Flash Fiction by Riley Tao & Bridget Larsen
The stars seem farther here. The closest star in the Northern Hemisphere is more than fifty trillion kilometers away from home. But the closest star in Australia’s skies, Proxima Centauri, is more than twenty percent closer.
Twenty percent might not seem like a lot, but it’s the difference between an A+ and a C+, between stargazing and studying Saturday night, between Wow, I never knew that! and Who cares? If twenty percent of the stars in the sky vanished, I wonder how many people would notice.
Mia would notice. She notices too much, notices the difference between Love you, Mia and We won’t see much of each other after this, huh? She could name every star in the southern skies.
But America’s skies are alien. Lying on this grassy, dewy hill, if I close my eyes, I can almost pretend I’m home. But when I look at the stars and try to name the constellations, they’re upside-down, or blended up, or just plain wrong, and I’m reminded that the sun I see rising is just barely setting for her.
My phone flares to life. I look away to protect my night vision, but I know from the ringtone that Mia is calling. A tiny, warped copy of her smiling face stares at me from every predawn dewdrop, and my vision goes blurry.
The gleaming pinpricks swim together, and for a moment, I see Crux in the swirls of light. I rub my eyes, two stars spilling from my cheeks. As they fall I see Carina, winking at me before joining the false starscape. I squeeze my eyes shut, sending a storm of incandescent sparks across my eyes that come ablaze in the darkness: Hydra, Lupus, Corvus, Norma, all haunting me.
My phone’s light dies, and the stars in the dewdrops vanish.
Proxima Centauri burns on the other side of the planet, and I wonder if Mia is sitting under the same stars I’m searching for. Rubbing my forehead, I pick up my phone. An enterprising earthworm has already started to crawl across its screen. I try to lift it off as gently as I can, but it writhes out of my grasp, leaving a fifth of its body behind. I dumbly stare at its fallen form until my phone buzzes again, shaking me out of my stupor.
Slowly, the worm stirs back to life.
I call her back, and she picks up immediately. Heya, Mia, I say. Sorry about that. I… I just missed you.
She laughs. No worries, no worries! Long time no see, Ellie! What’s college like?
The campus is beautiful, and their observatories are amazing. It’s everything I hoped for. I just wish I could share it with you.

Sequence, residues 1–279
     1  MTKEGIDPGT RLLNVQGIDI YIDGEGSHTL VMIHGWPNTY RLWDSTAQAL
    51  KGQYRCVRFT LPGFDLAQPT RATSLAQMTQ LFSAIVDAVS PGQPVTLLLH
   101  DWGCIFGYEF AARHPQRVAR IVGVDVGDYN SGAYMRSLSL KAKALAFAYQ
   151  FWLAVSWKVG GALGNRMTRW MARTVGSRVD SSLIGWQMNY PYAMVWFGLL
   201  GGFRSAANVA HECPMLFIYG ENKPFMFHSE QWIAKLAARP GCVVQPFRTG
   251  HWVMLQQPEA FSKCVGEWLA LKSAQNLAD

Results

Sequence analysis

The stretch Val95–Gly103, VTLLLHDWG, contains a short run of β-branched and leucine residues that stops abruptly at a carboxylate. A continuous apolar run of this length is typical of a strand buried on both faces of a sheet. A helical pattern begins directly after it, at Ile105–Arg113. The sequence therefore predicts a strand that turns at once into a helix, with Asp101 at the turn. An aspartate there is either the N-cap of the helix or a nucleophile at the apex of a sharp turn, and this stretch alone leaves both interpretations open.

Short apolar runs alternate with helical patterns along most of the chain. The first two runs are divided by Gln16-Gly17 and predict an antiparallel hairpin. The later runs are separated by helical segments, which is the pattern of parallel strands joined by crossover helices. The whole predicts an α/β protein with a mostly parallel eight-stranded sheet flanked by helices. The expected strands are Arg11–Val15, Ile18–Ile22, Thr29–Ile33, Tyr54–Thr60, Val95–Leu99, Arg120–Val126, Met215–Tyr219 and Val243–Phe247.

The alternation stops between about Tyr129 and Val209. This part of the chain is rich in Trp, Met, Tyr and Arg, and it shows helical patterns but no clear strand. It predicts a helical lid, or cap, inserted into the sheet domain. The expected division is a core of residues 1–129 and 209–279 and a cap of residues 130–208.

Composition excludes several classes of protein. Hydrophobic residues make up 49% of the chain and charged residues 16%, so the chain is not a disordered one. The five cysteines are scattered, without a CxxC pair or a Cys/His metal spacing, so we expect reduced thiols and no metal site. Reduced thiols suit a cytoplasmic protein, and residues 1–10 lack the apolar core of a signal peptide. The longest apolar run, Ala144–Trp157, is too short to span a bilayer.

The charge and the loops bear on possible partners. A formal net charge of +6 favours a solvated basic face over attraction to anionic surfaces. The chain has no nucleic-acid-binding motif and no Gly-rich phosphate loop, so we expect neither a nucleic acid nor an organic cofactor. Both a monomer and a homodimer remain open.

Yeah. Me too.
Oh, does the sunrise look any different there?
It has all of the colors it should, but it doesn’t feel the same. I’d send you a picture, but it’s all overexposed. I wish I had my equipment with me.
Hey. If you took it all with you, then we wouldn’t be here tonight.
The image shakes as Mia picks up the phone and connects it to the massive telescope the two of us built when we were younger. She pats its flank twice. I spent two weeks figuring out how to hook my phone up to this ol’ thing, but it was worth it. She taps her phone, and her face disappears, replaced by LOADING TELESCOPE FEED. I swallow nervously. CONNECTION ESTABLISHED.
And suddenly, my phone is something more. It hurts to look at after watching the darkened skies for so long. I squint as it forms a window, cutting through ten thousand kilometers of earth just to show me a tiny slice of starry sky, real and crisp and just as I remember. Reverently, I reach to touch it—but the illusion is shattered, and I touch warm glass, not cool air.
I take in a shuddering breath, look at the shard of our sky, and cast my gaze upwards once more. The American skies are fading now, pink and orange fingers brushing the twisted stars away. I return to my phone, smiling faintly, wiping the fog of my breath off the screen. You were right. It was worth it.
If twenty percent of the sky went dark, we’d find new constellations in its remains.
The stars seem further here, but I know they haven’t changed. They’re hidden by the bulk of the world, but if I look through the earth and hold them in my mind, I think I can still find them.
Bridget Larsen is a college student whose artistic interests oscillate between prose, poetry, programming, puzzles, and producing weird sounds (only occasionally on instruments). She spends most of her free time playing video games and going down informational rabbit holes until 4am, after which she realizes that she totally had an assignment due, whoops.
Riley Tao (they/them) is a student at the University of Chicago. Their work has previously been published in Reckoning Literary Magazine, and has upcoming publications in Cast of Wonders and Protean Magazine. Some of their work can be found online at rileyriles.wordpress.com.